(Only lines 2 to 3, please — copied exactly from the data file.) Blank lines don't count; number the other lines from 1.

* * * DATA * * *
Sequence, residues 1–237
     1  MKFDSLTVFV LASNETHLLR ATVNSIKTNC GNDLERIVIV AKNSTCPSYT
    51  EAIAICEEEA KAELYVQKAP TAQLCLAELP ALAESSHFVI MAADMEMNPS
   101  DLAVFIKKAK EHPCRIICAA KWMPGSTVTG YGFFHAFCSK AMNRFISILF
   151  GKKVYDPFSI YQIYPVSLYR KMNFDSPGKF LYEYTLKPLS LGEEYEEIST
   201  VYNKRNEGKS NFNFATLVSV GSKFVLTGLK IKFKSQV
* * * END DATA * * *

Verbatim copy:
     1  MKFDSLTVFV LASNETHLLR ATVNSIKTNC GNDLERIVIV AKNSTCPSYT
    51  EAIAICEEEA KAELYVQKAP TAQLCLAELP ALAESSHFVI MAADMEMNPS